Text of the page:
Title:
USE OF NEUROPROTECTIVE 3-SUBSTITUTED INDOLONE COMPOSITIONS
Kind Code:
A1


Abstract:
The present invention include providing a therapeutically effective amount of a 3-substituted indolin-2-one compositions to protect against neurodegeneration including diseases such as Alzheimer's disease, Parkinson's disease, or Huntington's disease, and conditions such as ischemic stroke



Inventors:
D'mello, Santosh R. (Dallas, TX, US)
Biehl, Edward (Dallas, TX, US)
Application Number:
12/465495
Publication Date:
10/22/2009
Filing Date:
05/13/2009
Assignee:
BOARD OF REGENTS, THE UNIVERSITY OF TEXAS SYSTEM (Austin, TX, US)
SOUTHERN METHODIST UNIVERSITY (Dallas, TX, US)
Primary Class:
Other Classes:
204/157.71, 435/184, 514/418
International Classes:
A61K31/404; C07D209/34; C12N9/99
View Patent Images:



Primary Examiner:
CRUZ, KATHRIEN ANN
Attorney, Agent or Firm:
CHALKER FLORES, LLP (DALLAS, TX, US)
Claims:
What is claimed is:

1. A method for inhibiting the neurodegeneration process comprising the step of: identify a patient suspected of a neurodegenerative disorder; and providing a therapeutically effective amount of a composition sufficient to treat the neurodegenerative disorder comprising: wherein R1 is selected from the group consisting of H, halogen, nitro, and alkoxy; and R2 is selected from the group consisting of 3′,5′-Br-4′-OH, 3′,5′-Br, at least one alkoxy, 2′,6′-Cl, 2-NO2, acetyl ester, H, 4′-CH3, 4′-OMe 4′-NMe2, CH═CH—C6H5, CH═CH—C6-H4-2′NO2, CH═CH—C6H4, 4′-Me, and 4′-NMe2.

2. The composition of claim 1, wherein R2 is 2 NO2 substitutions.

3. The method of claim 1, wherein the composition affects cerebellar granule neurons.

4. A method for inhibiting the neurodegeneration process comprising the step of: providing a therapeutically effective amount of a composition comprising: wherein G is H, Cl, Br, COMe, NO2, F and X is NH, S or O.

5. The composition of claim 4, wherein G is Br and X is NH.

6. The composition of claim 4, wherein G is NO2 and X is NH.

7. The composition of claim 4, wherein G is H and X is O.

8. The method of claim 4, wherein the composition affects cerebellar granule neurons.

9. A pharmaceutical composition for inhibiting the neurodegeneration process comprising: a therapeutically effective amount a composition having the formula: wherein R1 is selected from the group consisting of H, halogen, nitro, and alkoxy, and R2 is selected from the group consisting of 3′,5′-Br-4′-OH, 3′,5′-Br, at least one alkoxy, 2′,6′-Cl, 2-NO2, acetyl ester, H, 4′-CH3, 3′, 4′,5′-OMe, 4′-OMe 4′-NMe2, CH═CH—C6H5, CH═CH—C6-H4-2′NO2, CH═CH—C6H4, 4′-Me, and 4′-NMe2 disposed in a pharmaceutical carrier.

10. The composition of claim 9, wherein R1 is COCH3.

11. The composition of claim 9, wherein R2 is at least one methoxy group.

12. The composition of claim 11, wherein the at least one methoxy group is 3′,4′,5′-OMe.

13. The composition of claim 9, wherein R2 is a 4′-OH.

14. The composition of claim 9, wherein the R2 acetyl ester is 3′,5′-Br-4′-OAc.

15. The composition of claim 9, wherein R1 is one of Br or Cl and R2 is 3′,5′-Br-4′-OH.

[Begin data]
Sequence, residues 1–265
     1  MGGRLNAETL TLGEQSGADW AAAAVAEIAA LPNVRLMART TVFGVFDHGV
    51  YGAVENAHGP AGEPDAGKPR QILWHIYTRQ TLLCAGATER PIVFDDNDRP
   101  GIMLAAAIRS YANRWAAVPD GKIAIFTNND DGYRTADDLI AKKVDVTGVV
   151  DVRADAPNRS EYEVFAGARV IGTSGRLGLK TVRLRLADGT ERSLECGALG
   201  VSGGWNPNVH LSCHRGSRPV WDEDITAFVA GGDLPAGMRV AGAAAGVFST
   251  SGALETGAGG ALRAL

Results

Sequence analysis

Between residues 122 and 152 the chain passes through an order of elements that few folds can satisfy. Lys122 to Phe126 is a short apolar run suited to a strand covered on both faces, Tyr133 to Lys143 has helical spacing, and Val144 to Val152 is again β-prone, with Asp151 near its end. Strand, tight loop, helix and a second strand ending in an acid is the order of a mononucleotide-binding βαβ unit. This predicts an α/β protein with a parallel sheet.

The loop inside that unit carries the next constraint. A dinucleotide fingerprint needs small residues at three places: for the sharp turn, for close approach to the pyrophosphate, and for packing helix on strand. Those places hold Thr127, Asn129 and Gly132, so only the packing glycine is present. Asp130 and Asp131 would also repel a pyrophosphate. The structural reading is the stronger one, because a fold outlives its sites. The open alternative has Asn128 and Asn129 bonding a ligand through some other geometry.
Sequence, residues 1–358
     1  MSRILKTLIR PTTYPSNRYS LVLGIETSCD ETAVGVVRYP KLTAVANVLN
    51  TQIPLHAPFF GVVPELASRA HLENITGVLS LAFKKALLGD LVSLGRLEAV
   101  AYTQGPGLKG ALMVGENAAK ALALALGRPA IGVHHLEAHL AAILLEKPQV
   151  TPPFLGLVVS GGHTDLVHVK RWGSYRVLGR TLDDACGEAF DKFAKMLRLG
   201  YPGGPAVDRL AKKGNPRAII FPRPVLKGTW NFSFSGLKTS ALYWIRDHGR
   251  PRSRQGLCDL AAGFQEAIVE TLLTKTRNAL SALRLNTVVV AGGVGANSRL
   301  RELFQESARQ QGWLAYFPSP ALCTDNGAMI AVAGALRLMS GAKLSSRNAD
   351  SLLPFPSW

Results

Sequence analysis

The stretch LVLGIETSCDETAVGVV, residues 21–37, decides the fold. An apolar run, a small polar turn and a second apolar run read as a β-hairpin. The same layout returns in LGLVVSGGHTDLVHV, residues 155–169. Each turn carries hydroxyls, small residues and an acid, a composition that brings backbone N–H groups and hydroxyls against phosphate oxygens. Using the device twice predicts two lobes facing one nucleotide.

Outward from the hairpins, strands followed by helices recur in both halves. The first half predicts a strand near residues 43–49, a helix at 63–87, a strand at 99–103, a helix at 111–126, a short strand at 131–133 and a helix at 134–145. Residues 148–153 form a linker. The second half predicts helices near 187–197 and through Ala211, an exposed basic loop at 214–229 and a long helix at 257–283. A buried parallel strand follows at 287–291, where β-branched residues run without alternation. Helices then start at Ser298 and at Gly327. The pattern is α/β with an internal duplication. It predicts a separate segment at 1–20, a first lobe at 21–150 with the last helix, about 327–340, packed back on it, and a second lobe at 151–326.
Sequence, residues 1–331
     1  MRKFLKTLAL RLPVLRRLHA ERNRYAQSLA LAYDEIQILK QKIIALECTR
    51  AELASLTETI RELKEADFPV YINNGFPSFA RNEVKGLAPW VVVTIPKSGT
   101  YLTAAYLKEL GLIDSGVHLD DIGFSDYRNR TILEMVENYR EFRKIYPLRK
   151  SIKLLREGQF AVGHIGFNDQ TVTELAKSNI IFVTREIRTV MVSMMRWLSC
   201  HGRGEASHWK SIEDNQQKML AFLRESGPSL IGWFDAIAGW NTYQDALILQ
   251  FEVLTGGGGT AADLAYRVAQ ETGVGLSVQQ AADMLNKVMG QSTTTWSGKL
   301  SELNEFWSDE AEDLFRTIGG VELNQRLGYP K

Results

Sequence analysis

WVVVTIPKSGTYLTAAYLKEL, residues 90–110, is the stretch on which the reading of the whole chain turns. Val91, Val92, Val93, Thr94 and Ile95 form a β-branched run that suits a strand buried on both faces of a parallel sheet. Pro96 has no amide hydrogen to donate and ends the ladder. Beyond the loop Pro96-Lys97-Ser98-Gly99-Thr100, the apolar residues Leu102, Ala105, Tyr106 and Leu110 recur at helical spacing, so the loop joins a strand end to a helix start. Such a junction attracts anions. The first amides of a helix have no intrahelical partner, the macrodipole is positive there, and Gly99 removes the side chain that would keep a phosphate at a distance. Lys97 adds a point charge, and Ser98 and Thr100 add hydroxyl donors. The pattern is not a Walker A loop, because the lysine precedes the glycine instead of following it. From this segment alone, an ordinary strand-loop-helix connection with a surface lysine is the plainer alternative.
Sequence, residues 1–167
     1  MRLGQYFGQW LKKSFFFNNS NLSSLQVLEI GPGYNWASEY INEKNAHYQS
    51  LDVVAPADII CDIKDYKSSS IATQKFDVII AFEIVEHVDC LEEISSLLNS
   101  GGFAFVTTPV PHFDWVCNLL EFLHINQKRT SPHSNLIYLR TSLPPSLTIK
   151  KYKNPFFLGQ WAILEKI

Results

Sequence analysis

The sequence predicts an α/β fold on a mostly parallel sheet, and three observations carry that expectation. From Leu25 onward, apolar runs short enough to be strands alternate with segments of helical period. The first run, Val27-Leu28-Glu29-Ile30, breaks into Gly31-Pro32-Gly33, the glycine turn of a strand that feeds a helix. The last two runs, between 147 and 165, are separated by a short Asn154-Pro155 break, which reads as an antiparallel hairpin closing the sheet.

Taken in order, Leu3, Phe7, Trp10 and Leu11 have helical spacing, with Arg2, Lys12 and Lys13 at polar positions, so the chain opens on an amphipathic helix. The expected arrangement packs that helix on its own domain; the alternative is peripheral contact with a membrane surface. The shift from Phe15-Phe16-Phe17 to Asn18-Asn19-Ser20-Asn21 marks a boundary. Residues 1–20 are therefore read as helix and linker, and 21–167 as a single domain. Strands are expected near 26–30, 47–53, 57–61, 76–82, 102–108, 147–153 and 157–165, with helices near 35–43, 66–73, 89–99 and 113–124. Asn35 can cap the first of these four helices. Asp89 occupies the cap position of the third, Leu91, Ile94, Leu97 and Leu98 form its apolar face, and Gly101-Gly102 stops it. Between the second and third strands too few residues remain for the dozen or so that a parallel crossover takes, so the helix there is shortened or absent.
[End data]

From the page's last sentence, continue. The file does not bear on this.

16. The composition of claim 9, wherein R1 is H and R2 is 2-NO2.

17. The composition of claim 9, wherein R1 is NO2.

18. The composition of claim 9, wherein R2 is selected from the group consisting of 3′,5′-Br-4′-OH; 3′,5′-Br, and CH═CH—C6H5.

19. A pharmaceutical composition for inhibiting the neurodegeneration process comprising: a therapeutically effective amount of a composition having the formula: wherein G is H, Cl, Br, COMe, NO2, F and X is NH, S or O, disposed in a pharmaceutical carrier.

20. The composition of claim 19, wherein G is Br and X is NH.

21. The composition of claim 19, wherein G is NO2 and X is NH.

22. The composition of claim 19, wherein G is H and X is O.

23. The composition of claim 19, wherein the composition is a furan derivative.

24. A method for inhibiting a serine/threonine-specific kinase comprising the step of: providing a therapeutically effective amount of a composition selected from (E)-3-(Furan-2′-ylmethylene)indoline-2-one, (Z)-5-Bromo-3-(thien-2′-ylmethylene)indolin-2-one, (Z)-5-Nitro-3-(thien-2′-ylmethylene) indolin-2-one, (Z)-3-(Thien-2′-ylmethylene)indolin-2-one, Z)-5-Nitro-3-(1H-pyrrol-2-yl)methylene)indolin-2-one, (Z)-5-Bromo (3-(1H-pyrrol-2′-yl)methylene)indolin-2-one, (Z)-5-Chloro-(1H-pyrrol-2′-yl)methylene)indoline-2-one, (Z)-3-(1H-Pyrrol-2′-yl)methylene)indolin-2-one, (Z)-5-Acetyl-3-(3′,5′-dibromo-4′-hydroxybenzylidene)indolin-2-one, (E)-3-Benzylidene-5-fluoroindolin-2-one, (Z)-5-Fluoro-3-(3′, 4′, 5′-trimethoxybenzylidene)indolin-2-one, (Z)-3-(3′,5′-Dibromo-4-hydroxybenzylidene)-5-nitroindolin-2-one, (E)-5-Bromo-3-(4′-(dimethylamino)benzylidene) indolin-2-one, (E)-5-Bromo-3-(4′-methoxybenzylidene)indolin-2-one, (Z)-5-Bromo-3-(3′,5′-dibromobenzylidene)indolin-2-one, (E)-5-Bromo-3-(3′,5′-dibromo-4-hydroxybenzylidene)indolin-2-one, (E)-5-Chloro-3-(4′-(dimethylamino)benzylidene)indolin-2-one, (E)-5-Chloro-3-(4′-methoxybenzylidene)indolin-2-one, (E)-5-Chloro-3-(4′-methybenzylidene)indolin-2-one, (E)-3-Benzylidene-5-chloroindolin-2-one, (E)-5-Chloro-3-(2′,6′-dichlorobenzylidene)indolin-2-one, (Z)-5-Chloro-3-(3′, 4′, 5′-trimethoxybenzylidene)indolin-2-one, (Z)-3-(3′,5′-Dibromobenzylidene)-5-chloroindolin-2-one, (E)-3-(3′,5′-Dibromo-4-hydroxybenzylidene)-5-chlorondolin-2-one, (Z-3-(2′-Nitrobenzylidene)indolin-2-one, (E)-3-(2′,6′-Dichlorobezylidene)indolin-2-one, 3-(3′-Phenylallylidene)indolin-2-one, (E)-3-(3′,5′-Dibromo-4′-hydroxybenzylidene)indolin-2-one, GW5074, IC261, DMBI, GW8510, VEGFR-2 Inh I, VEGFR-2 Inh II, and SU6656.

25. A method for the microwave synthesis of indolinones comprising the step of: mixing an optionally substituted aldehyde with an optionally substituted indolin-2-one and piperidene; exposing the mixture to microwaves for 1-60 minutes; and collecting a precipitated composition.

Description:

CROSS-REFERENCE TO RELATED APPLICATIONS